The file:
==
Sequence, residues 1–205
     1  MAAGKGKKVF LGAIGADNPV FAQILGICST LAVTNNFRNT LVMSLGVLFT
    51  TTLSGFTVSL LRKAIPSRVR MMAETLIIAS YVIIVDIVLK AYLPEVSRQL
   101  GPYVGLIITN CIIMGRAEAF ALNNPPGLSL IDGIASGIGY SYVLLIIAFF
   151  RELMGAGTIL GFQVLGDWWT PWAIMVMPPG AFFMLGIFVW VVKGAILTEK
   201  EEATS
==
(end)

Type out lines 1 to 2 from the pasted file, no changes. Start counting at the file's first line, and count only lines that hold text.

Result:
Sequence, residues 1–205
     1  MAAGKGKKVF LGAIGADNPV FAQILGICST LAVTNNFRNT LVMSLGVLFT